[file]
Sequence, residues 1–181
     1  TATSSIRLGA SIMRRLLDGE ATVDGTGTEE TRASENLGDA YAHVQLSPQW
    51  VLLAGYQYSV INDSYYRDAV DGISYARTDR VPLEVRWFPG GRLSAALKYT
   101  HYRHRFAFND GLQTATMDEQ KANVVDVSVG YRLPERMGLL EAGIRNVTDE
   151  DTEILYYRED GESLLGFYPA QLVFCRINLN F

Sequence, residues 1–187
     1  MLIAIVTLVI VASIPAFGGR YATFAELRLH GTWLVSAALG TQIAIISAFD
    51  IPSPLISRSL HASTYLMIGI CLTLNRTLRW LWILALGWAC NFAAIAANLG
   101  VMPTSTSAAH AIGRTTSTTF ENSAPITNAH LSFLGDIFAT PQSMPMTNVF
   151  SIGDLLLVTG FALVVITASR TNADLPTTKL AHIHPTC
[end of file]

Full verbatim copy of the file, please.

Sequence, residues 1–181
     1  TATSSIRLGA SIMRRLLDGE ATVDGTGTEE TRASENLGDA YAHVQLSPQW
    51  VLLAGYQYSV INDSYYRDAV DGISYARTDR VPLEVRWFPG GRLSAALKYT
   101  HYRHRFAFND GLQTATMDEQ KANVVDVSVG YRLPERMGLL EAGIRNVTDE
   151  DTEILYYRED GESLLGFYPA QLVFCRINLN F

Sequence, residues 1–187
     1  MLIAIVTLVI VASIPAFGGR YATFAELRLH GTWLVSAALG TQIAIISAFD
    51  IPSPLISRSL HASTYLMIGI CLTLNRTLRW LWILALGWAC NFAAIAANLG
   101  VMPTSTSAAH AIGRTTSTTF ENSAPITNAH LSFLGDIFAT PQSMPMTNVF
   151  SIGDLLLVTG FALVVITASR TNADLPTTKL AHIHPTC